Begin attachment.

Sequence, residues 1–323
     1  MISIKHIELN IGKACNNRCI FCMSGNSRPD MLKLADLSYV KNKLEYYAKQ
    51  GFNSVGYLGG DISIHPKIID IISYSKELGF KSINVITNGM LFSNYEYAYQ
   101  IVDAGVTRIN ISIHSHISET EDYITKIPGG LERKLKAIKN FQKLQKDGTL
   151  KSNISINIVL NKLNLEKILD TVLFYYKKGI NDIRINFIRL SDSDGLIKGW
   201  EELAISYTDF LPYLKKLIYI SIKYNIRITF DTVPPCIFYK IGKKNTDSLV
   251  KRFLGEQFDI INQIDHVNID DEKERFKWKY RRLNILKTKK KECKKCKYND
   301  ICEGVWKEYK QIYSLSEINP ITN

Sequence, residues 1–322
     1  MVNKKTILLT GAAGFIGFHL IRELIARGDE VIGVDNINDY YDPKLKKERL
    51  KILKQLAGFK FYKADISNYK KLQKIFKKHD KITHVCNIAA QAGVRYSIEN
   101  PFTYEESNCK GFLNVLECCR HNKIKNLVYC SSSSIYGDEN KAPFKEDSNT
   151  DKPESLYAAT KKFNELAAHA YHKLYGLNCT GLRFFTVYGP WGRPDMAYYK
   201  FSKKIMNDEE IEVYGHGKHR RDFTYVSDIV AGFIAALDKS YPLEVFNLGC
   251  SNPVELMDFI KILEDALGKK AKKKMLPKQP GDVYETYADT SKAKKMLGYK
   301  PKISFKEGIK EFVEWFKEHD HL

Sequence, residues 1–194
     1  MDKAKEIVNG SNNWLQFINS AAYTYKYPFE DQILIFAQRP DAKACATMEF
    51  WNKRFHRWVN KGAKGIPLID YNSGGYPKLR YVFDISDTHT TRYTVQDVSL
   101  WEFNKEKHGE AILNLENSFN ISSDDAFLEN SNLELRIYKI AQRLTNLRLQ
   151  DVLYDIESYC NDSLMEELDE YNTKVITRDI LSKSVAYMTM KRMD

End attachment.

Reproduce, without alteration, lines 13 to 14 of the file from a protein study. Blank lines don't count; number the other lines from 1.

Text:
   151  DKPESLYAAT KKFNELAAHA YHKLYGLNCT GLRFFTVYGP WGRPDMAYYK
   201  FSKKIMNDEE IEVYGHGKHR RDFTYVSDIV AGFIAALDKS YPLEVFNLGC